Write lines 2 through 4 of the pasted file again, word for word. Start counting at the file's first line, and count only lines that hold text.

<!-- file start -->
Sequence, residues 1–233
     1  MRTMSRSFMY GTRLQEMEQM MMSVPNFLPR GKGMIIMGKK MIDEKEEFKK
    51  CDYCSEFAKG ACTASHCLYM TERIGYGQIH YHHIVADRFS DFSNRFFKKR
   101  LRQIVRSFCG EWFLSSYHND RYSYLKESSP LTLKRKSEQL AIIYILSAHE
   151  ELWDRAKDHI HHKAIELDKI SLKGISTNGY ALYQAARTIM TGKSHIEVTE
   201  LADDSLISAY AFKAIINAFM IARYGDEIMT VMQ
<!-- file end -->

     1  MRTMSRSFMY GTRLQEMEQM MMSVPNFLPR GKGMIIMGKK MIDEKEEFKK
    51  CDYCSEFAKG ACTASHCLYM TERIGYGQIH YHHIVADRFS DFSNRFFKKR
   101  LRQIVRSFCG EWFLSSYHND RYSYLKESSP LTLKRKSEQL AIIYILSAHE